Alonzo D. Lord died 15 April 1934 in Statesville, Iredell County. Per his death certificate, he was born 24 October 1874 in Salisbury to Robert and Rosetta Lord; was married to Lula Lord; and was a physician.

In the 1938 Hill’s Rocky Mount, N.C., city directory: Lord Alonzo R (c) prin Booker T Washington Sch h 232 Atlantic av

In the 1940 census of Statesville, Iredell County: on Adams Road, Lula Lord, 63, widow, and Henrietta Thomas, 49, widow, private nurse.

In the 1940 census of Rocky Mount, Edgecombe County, N.C.: Alonzo Hart, 35, principal and teacher, lodger in the household of Marion Hood, 35.

In 1942, Alonzo Richardson Lord registered for the World War II draft in Edgecombe County. Per his registration card, he was born 26 April 1904 in Concord, N.C.; lived 232 Atlantic Avenue, Rocky Mount, N.C.; his contact was Lula H. Lord; and he worked for Rocky Mount City Schools at Booker T. Washington High School.

On 1 October 1943, Alonzo R. Lord, 39, of Statesville, N.C., son of Alonzo and Lula Hart, married Mae McKoy, 36, of Mebane, N.C., daughter of David and Alice Murray, in Wilson. Dr. B.O. Barnes applied for the license, and Presbyterian minister J.W. Barnette performed the ceremony. [Per Beverly A. Henderson, Dr. Barnes and Alonzo Lord were close friends from their college days at Johnson C. Smith University.]

The 1962 Elizabeth City State College Catalogue lists A.R. Lord as principal and M.M. Lord as a teacher at Fourth Street Elementary School, Plymouth, N.C.

Alonzo R. Lord died 3 June 1986 in Cincinnati, Ohio.

Alonzo R. Lord, Bertha Hart, a Murphy (first name not known), Minnie McNeely, Ardeanur Smith, Statesville, N.C., mid-1920s.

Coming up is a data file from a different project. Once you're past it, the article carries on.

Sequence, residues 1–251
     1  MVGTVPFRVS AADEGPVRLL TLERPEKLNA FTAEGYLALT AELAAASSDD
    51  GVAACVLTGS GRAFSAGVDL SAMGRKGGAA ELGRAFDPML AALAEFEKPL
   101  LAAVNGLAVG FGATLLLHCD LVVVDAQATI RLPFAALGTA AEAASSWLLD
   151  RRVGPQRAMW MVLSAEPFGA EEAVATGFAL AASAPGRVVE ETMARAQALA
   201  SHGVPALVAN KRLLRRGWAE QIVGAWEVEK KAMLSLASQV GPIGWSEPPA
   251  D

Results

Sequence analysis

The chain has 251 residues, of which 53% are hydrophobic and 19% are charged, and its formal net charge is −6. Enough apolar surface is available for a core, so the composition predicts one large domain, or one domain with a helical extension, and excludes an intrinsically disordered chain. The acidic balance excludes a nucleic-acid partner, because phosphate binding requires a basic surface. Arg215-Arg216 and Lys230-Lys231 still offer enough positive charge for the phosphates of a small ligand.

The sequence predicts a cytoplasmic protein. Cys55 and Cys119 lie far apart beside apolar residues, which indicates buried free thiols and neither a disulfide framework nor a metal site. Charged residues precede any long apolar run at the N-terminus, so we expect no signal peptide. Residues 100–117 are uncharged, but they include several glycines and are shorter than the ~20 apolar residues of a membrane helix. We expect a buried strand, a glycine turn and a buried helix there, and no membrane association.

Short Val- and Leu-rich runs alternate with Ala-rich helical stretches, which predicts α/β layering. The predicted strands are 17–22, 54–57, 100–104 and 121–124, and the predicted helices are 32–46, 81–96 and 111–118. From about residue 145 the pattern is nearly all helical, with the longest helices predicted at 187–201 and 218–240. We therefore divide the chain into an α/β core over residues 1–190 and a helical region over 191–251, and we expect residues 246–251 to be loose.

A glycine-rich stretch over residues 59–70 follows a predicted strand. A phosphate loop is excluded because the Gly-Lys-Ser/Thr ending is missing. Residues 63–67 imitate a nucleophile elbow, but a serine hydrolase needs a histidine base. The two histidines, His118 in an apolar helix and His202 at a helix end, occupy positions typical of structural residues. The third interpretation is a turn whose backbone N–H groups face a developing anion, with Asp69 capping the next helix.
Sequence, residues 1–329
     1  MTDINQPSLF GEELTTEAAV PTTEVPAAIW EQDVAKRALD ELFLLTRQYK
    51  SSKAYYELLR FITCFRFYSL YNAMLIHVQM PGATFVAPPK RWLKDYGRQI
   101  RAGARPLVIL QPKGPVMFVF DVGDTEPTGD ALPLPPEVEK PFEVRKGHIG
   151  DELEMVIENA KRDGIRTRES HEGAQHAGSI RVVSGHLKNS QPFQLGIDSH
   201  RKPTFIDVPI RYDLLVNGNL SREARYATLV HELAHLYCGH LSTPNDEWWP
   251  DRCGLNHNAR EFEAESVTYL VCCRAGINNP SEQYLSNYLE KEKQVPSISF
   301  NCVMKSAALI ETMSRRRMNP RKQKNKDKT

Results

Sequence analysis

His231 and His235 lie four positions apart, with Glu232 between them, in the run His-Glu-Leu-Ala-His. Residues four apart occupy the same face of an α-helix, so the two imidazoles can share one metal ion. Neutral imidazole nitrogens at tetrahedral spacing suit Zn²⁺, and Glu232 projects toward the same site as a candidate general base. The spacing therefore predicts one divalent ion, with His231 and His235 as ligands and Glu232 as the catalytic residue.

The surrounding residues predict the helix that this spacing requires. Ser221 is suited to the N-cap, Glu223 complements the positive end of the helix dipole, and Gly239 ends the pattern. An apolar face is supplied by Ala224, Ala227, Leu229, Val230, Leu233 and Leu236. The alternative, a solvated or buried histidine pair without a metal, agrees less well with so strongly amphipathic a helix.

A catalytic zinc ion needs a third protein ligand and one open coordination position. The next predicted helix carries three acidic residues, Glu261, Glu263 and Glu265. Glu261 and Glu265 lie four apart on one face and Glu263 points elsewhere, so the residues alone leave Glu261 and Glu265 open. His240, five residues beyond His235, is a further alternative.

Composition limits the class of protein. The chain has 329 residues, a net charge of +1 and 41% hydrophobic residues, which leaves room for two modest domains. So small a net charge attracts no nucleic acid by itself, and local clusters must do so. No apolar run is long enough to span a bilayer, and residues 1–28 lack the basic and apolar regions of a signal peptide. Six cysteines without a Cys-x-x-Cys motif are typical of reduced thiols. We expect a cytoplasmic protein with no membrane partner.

Photo in collection of Lisa Y. Henderson.

Thus ends the week. Who will pick up the blogging mantle to create a one-place study chronicling  the lives and history of Iredell County African-Americans?

The funeral of Dr. William A. Mitchner.

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Wilson Daily Times, 10 November 1941.

Dr. Ward challenged Jim Crow.

Indiana History Blog published Nicole Poletika’s detailed look at Dr. Joseph H. Ward‘s role in challenging segregation as the head of Tuskegee, Alabama’s Veterans Hospital No. 91 in the 1920s and ’30s.

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Dr. Ward is on the front row, center (next to the nurse) in this 1933 photograph of Veterans Hospital staff.  Photo courtesy of VA History Highlights, “First African American Hospital Director in VA History,” U.S. Department of Veterans Affairs.

For more on Dr. Ward, who was born in Wilson about 1869, see here and here and here and here and here.

[Sidenote: Dr. Ward was not born to “impoverished parents” per the article, though it is possible that he himself gave this gloss on his early life. Rather, his father was Napoleon Hagans, a prosperous freeborn farmer in nearby Wayne County, and his mother was Mittie Ward, a young freedwoman whose family moved into town after Emancipation from the plantation of Dr. David G.W. Ward near Stantonsburg.]

Hat tip to Zella Palmer for pointing me to this article. She is Dr. Ward’s great-granddaughter, and they are my cousins.